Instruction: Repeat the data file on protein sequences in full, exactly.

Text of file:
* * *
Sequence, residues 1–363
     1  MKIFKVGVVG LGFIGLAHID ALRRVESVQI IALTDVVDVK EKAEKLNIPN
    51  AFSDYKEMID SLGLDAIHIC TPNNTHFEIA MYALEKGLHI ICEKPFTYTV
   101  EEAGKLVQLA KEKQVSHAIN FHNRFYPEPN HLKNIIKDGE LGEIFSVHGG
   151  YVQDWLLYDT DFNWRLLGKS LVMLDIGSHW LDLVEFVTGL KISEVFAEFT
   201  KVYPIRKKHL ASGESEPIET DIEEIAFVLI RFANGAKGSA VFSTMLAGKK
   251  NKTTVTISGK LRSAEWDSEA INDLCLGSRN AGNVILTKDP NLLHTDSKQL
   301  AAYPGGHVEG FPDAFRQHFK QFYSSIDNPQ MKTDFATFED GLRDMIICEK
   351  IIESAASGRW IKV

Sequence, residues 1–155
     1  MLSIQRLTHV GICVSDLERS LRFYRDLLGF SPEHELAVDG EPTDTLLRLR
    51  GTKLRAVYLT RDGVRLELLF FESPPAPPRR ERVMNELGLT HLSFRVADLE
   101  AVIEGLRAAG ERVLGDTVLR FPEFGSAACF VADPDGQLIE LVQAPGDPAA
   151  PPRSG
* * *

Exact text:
Sequence, residues 1–363
     1  MKIFKVGVVG LGFIGLAHID ALRRVESVQI IALTDVVDVK EKAEKLNIPN
    51  AFSDYKEMID SLGLDAIHIC TPNNTHFEIA MYALEKGLHI ICEKPFTYTV
   101  EEAGKLVQLA KEKQVSHAIN FHNRFYPEPN HLKNIIKDGE LGEIFSVHGG
   151  YVQDWLLYDT DFNWRLLGKS LVMLDIGSHW LDLVEFVTGL KISEVFAEFT
   201  KVYPIRKKHL ASGESEPIET DIEEIAFVLI RFANGAKGSA VFSTMLAGKK
   251  NKTTVTISGK LRSAEWDSEA INDLCLGSRN AGNVILTKDP NLLHTDSKQL
   301  AAYPGGHVEG FPDAFRQHFK QFYSSIDNPQ MKTDFATFED GLRDMIICEK
   351  IIESAASGRW IKV

Sequence, residues 1–155
     1  MLSIQRLTHV GICVSDLERS LRFYRDLLGF SPEHELAVDG EPTDTLLRLR
    51  GTKLRAVYLT RDGVRLELLF FESPPAPPRR ERVMNELGLT HLSFRVADLE
   101  AVIEGLRAAG ERVLGDTVLR FPEFGSAACF VADPDGQLIE LVQAPGDPAA
   151  PPRSG